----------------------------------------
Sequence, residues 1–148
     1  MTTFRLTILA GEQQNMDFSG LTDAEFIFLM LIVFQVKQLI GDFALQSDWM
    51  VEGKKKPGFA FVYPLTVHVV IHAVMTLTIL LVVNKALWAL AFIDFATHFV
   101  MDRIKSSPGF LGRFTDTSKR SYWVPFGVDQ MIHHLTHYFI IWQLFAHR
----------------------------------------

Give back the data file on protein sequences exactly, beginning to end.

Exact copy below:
Sequence, residues 1–148
     1  MTTFRLTILA GEQQNMDFSG LTDAEFIFLM LIVFQVKQLI GDFALQSDWM
    51  VEGKKKPGFA FVYPLTVHVV IHAVMTLTIL LVVNKALWAL AFIDFATHFV
   101  MDRIKSSPGF LGRFTDTSKR SYWVPFGVDQ MIHHLTHYFI IWQLFAHR